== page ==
Price: I hate titles like ‘Go Hard.’ We grew up on creativity and add on to the game. When I grew up ‘Southernplayalisticadillacmuzik‘ was a song title. People cared more than just ‘Flex Up.’ We wanted to tell stories. ‘GFFW’ was our message to honor our moms but do it in a way that was fresh. We didn’t wanna do ‘Dear Mama.’ Mom always made sure we were good and took care of us and we knew you had money when we got the fridge with the water filter. We was always broke so when my mom was up we knew. The fridge was full, we got new kicks…
Oktane: And the new fridge had the little thing with the cupholder and water came out. I know that’s normal for people, but that wasn’t standard [for us].
Price: People don’t understand that’s a real luxury. We always had the raggedy ass fridges. So we wanted to have something everybody could relate to. If you had a mom like ours, they did everything to make sure we were good. So we wanted to make sure they knew *in Tupac voice* “they were appreciated.”
3.Their song and video “Spread Love” is the love in need of love today.
“Remind me to get a recipe from Martha Stewart
‘Bout how to cheat the system
And still be the victim…”
Oktane: That song was built and made to change the world. The world needs a lot more love and less lean, turning up and drugs, shooting and killing. You hear the youth in it. That’s the ghetto symphony.
Price: The video is crazy. Our homey Chris murked it. We wanted to give you something different. We didn’t want to stand infant of cars with chains on and with the young Moet. That shit is just dry.
Oktane: There’s too much real stuff going on in the world…kids with no future listening to craziness. Somebody gotta guide it and say ‘we tripping.’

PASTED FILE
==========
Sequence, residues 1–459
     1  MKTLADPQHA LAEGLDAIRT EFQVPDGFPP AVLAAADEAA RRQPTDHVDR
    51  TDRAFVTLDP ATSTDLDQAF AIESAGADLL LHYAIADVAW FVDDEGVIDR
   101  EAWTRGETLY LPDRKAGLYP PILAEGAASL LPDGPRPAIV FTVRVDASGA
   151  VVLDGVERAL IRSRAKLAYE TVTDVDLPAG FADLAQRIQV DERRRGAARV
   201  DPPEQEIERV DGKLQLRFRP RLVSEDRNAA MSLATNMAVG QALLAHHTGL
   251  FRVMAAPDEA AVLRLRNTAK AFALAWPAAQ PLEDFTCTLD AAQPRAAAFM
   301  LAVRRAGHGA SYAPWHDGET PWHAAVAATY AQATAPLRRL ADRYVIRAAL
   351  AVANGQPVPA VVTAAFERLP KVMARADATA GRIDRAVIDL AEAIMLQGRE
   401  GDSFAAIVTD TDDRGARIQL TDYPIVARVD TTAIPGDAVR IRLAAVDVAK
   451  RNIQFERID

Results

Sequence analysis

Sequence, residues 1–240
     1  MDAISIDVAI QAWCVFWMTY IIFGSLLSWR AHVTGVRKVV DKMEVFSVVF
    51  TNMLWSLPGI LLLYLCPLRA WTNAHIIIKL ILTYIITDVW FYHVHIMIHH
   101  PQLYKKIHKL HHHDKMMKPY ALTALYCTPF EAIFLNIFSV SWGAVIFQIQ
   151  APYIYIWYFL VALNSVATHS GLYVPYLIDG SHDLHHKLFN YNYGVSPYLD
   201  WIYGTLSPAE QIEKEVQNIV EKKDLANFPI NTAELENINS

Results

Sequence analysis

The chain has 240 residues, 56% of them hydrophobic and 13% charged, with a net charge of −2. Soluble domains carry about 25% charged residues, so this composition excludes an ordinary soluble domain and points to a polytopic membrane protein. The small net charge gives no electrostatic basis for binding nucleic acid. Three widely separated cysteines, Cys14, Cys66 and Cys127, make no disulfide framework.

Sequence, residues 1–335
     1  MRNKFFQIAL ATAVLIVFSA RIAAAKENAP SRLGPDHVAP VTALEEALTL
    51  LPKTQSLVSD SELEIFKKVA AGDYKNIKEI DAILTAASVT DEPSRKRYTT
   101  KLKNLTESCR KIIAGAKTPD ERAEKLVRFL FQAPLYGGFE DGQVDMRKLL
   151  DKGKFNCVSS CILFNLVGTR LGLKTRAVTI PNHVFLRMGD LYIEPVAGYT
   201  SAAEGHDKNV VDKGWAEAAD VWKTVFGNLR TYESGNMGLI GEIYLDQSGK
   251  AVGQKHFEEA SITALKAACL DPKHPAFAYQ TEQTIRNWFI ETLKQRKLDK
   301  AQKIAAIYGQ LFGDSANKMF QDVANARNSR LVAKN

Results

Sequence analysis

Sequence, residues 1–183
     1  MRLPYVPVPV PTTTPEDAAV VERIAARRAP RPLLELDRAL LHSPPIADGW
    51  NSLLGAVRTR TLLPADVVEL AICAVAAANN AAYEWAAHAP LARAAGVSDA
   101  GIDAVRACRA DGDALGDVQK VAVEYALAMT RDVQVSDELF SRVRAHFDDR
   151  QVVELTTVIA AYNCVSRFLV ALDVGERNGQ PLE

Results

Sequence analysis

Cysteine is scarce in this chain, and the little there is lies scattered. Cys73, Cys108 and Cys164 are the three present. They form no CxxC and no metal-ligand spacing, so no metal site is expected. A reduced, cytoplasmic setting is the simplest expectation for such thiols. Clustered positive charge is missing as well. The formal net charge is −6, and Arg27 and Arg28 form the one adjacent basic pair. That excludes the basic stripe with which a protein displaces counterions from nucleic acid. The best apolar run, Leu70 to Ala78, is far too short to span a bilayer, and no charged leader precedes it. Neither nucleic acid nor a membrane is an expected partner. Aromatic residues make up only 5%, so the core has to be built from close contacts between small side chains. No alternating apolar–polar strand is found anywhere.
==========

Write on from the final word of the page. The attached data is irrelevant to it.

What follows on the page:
Price: I’ll put those verses up against your favorite rapper’s. We’re saying some shit that counts. “Remind me to get a recipe from Martha Stewart about how to cheat the system and still be the victim.” You n*ggas ain’t saying shit like that.
4. They will look at girl’s booties in church and be ok with it.
“I told the kids don’t do drugs and I ashed in the cup, damn
I told my girl it was love then told thicky-thick wassup damn” – “Hypocrite”
Oktane: “Hypocrite” is just the realest song that everybody is scared to say in person, let alone record on wax. It’s the meeting with your pastor without the little window. We just take down that whole curtain. I’m just as human as everybody else. we all deal with the exact same things and some of the stuff is different but we’re gonna make sure you relate to it. I feel like too many people judge people because they sin differently.
Price: If you got to listen to the “So Far To Go” freestyle that’s where this song spun off from. In it I say “Am I a hypocrite or just real enough to admit the shit” and we spun off from there. We knew there wasn’t a song out there that was that vulnerable and honest. My son is on there saying “aw, man.” That sample is him. And on the third verse my manager wanted us to go in and speak on the game. About how 1500 streams equal one sale. We’ll tell you how we’re hypocrites and then how y’all are hypocrites, the fans.
Oktane: There’s a lot of gems in bars in there like “I tell them I don’t do drugs, then I ashed in a cup/ I told my girl it was love then told thick thick what’s up.” It’s just real things that real people go through.
Price: At the end of the day the purpose of the song is to put it all in perspective…I’ll be in the street thuggin’ with the homies but I’ve always heard the Creator’s voice while I’m doing it.